“The preceding provisions shall not, however, in any way impair the right of a State to enforce such laws as it deems necessary to control the use of property in accordance with the general interest or to secure the payment of taxes or other contributions or penalties.” The principle of equitable compensation is central to providing recompense for any property taken. This is intended to place the claimant in a position where they are no better or worse off than they were prior to the acquisition, and is done on the basis that the scheme that has prompted this acquisition is to be ignored. Thinking in this area is evolving. When utilities were entirely in public ownership, there was clear alignment between the public interest objectives of the utility company and compulsory acquisition. As former public utilities move into the private sector, however, their main objective becomes increasing shareholder value. The barrister Barry Denyer-Green suggests the demand for additional compensation may thus increase, to reflect the underlying benefit sought from the scheme. With the growing scale of compulsory acquisitions required by the government’s infrastructure agenda, RICS is keen to ensure there are sufficient surveyors with the appropriate skills. High Speed 2 (HS2) from London to Birmingham, for example, is a £55bn project, and the estimated cost of land and property to be acquired over a 15-year period is around £5bn. The proposed expansion of Heathrow Airport, meanwhile, has an estimated land and property acquisition cost of around £5m. There is also the prospect of Crossrail 2, which would make substantial additional demands on compulsory purchase expertise. Given the serious nature of acquiring private property compulsorily and the volume of work anticipated in this Image © Istock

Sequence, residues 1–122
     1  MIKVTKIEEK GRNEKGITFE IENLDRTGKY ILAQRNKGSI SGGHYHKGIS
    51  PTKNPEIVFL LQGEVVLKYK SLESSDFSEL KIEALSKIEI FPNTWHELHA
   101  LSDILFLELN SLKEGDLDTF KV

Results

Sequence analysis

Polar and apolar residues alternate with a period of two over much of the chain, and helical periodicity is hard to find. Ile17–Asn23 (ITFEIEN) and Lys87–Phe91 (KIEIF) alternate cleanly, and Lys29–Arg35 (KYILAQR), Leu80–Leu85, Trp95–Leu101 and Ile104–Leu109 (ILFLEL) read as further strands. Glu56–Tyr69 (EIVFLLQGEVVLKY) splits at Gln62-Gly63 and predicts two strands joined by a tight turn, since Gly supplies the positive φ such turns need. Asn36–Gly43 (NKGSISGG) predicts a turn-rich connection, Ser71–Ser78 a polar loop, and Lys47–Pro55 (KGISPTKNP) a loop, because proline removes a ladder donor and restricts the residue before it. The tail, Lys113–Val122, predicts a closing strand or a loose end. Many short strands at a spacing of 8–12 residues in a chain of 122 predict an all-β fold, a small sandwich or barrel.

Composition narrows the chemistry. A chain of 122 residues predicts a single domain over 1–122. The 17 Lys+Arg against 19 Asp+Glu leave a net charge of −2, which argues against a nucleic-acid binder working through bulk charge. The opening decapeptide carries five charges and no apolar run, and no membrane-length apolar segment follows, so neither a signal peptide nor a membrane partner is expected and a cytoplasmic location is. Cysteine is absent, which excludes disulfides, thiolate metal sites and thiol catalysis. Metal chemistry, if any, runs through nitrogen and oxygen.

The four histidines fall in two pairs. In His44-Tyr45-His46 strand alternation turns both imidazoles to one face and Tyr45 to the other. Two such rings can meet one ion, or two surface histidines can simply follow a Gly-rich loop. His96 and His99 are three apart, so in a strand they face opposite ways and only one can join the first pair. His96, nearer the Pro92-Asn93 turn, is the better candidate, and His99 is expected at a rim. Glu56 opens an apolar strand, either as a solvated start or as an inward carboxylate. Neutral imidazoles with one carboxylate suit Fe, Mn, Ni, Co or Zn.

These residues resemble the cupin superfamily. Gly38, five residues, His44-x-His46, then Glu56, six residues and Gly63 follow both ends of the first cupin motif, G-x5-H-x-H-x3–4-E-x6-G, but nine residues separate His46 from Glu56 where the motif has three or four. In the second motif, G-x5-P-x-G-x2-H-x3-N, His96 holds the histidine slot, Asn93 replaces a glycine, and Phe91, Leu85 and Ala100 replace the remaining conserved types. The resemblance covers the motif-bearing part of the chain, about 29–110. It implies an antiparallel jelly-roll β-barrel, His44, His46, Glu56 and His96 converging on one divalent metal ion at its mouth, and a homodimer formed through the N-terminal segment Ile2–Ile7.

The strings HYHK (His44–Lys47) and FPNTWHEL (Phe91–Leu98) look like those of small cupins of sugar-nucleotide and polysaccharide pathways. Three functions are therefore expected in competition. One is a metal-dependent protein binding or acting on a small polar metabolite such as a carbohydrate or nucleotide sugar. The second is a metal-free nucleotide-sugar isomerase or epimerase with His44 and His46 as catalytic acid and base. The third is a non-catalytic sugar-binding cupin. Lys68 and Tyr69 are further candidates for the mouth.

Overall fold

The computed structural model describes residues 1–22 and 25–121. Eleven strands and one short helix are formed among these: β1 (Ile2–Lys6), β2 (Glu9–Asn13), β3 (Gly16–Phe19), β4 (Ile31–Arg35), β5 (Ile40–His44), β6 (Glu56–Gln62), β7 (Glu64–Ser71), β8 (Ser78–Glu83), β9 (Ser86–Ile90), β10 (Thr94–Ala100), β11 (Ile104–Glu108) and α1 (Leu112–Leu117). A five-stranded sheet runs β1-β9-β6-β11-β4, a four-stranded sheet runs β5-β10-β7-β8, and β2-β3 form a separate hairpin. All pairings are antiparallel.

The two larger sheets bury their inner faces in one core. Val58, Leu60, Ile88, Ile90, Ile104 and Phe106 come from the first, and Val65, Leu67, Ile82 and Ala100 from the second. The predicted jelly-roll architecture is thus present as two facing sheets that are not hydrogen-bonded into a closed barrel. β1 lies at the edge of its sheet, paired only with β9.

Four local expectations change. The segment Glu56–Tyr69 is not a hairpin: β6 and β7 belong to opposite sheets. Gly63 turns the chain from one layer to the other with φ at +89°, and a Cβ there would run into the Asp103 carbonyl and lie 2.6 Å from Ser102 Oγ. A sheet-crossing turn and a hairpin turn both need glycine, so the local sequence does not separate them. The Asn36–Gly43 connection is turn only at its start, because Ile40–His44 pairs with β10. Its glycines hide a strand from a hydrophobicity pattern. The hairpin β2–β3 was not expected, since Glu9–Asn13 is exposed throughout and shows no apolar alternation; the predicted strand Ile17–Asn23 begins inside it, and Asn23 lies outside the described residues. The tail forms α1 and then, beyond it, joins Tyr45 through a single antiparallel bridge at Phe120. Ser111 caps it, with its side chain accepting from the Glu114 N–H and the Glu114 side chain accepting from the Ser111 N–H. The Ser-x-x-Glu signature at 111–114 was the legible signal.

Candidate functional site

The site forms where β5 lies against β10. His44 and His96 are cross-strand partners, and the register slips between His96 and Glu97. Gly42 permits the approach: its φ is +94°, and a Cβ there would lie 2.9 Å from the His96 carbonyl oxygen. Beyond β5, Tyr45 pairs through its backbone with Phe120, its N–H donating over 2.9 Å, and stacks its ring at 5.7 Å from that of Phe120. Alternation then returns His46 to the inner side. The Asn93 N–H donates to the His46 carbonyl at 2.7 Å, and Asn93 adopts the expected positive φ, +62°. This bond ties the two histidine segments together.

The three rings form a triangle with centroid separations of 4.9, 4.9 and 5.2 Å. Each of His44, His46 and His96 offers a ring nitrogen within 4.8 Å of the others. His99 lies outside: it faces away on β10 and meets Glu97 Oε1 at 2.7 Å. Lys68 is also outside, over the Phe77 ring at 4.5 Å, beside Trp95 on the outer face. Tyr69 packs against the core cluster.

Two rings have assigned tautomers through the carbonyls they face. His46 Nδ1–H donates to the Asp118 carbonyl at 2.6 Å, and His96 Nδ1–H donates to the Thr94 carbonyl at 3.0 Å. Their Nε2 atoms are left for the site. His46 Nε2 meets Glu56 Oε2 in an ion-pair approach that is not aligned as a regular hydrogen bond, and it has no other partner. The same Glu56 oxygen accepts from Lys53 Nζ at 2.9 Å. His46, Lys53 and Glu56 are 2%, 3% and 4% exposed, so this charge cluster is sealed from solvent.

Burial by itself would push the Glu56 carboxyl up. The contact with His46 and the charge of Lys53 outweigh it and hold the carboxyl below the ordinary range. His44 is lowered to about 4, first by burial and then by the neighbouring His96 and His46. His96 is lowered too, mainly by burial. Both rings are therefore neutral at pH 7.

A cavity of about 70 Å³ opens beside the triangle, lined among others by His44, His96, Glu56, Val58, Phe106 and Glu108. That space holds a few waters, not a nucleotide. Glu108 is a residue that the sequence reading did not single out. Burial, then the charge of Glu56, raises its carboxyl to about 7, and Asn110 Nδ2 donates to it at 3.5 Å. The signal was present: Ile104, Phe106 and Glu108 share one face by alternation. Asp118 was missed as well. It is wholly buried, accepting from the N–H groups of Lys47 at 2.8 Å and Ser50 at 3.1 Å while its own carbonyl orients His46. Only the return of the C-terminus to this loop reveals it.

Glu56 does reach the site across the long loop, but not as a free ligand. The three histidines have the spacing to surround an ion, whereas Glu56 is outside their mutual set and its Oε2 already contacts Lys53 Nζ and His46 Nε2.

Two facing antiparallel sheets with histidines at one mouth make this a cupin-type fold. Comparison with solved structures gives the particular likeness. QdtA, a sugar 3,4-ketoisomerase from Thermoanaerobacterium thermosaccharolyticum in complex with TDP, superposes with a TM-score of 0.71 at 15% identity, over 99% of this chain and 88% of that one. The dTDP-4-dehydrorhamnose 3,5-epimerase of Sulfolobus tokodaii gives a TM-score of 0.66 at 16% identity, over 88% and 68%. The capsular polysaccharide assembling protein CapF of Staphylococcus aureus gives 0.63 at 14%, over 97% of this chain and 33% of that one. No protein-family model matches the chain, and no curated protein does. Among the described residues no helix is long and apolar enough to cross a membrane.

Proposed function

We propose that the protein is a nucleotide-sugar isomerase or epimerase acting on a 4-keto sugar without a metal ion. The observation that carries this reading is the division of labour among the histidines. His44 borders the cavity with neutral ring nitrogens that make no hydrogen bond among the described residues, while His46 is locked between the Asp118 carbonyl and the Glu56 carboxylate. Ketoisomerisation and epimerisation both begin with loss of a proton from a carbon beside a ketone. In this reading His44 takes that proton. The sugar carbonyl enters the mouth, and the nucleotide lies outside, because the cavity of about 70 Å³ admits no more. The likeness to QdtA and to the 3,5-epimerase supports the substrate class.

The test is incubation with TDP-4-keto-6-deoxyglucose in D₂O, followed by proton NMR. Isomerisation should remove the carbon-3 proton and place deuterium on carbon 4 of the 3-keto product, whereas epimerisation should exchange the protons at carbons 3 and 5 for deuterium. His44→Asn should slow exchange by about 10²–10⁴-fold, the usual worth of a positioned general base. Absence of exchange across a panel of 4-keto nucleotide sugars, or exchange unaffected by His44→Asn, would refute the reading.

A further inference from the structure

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area, the government wants claimants’ interests to be properly represented. As a first step towards ensuring expert surveyors are available, RICS has published the professional statement Surveyors advising in respect of compulsory purchase and statutory compensation, UK, 1st edition, which identifies 20 mandatory behaviours required when carrying out compulsory purchase work.
Mandatory professional behaviours Application and principal message 1. You must be able to demonstrate a proper understanding of the statutes, statutory instruments, case law and government guidance in respect of the compulsory purchase code (subsection 2.5 of the professional statement). 2. You must ensure you are able to discharge your duties to the required standard and consider all matters material to the instruction (2.6). 3. You must be aware of the changes in responsibility that will occur should your duties later involve you acting as an expert witness, and how that may affect the carrying out of work prior to that change (2.7). 4. Where you accept instructions to provide advice in respect of the compulsory purchase code, as soon as you become aware that judicial or quasi-judicial proceedings seem likely you must advise your client in writing of your ability or otherwise to comply with RICS’ practice statement Surveyors acting as expert witnesses, 4th edition (2.8). Duty in providing advice 5. Where information material to the advice being given is not available, or is not evidenced or corroborated to your satisfaction, you must clearly state this to your client and advise what assumptions have been made (3.2). 6. You must endeavour to establish the material information and collect appropriate evidence during the period of your instruction (3.2). 7. You must provide your client with balanced and professional advice that seeks to secure an equitable outcome for them, consistent with the requirement to agree fair and reasonable compensation and in accordance with the compulsory purchase code for a reasonable cost and within a reasonable timescale (3.5). 8. On commencement of an instruction, you must provide your client with clear advice as to the basis on which, in your opinion, relying on the information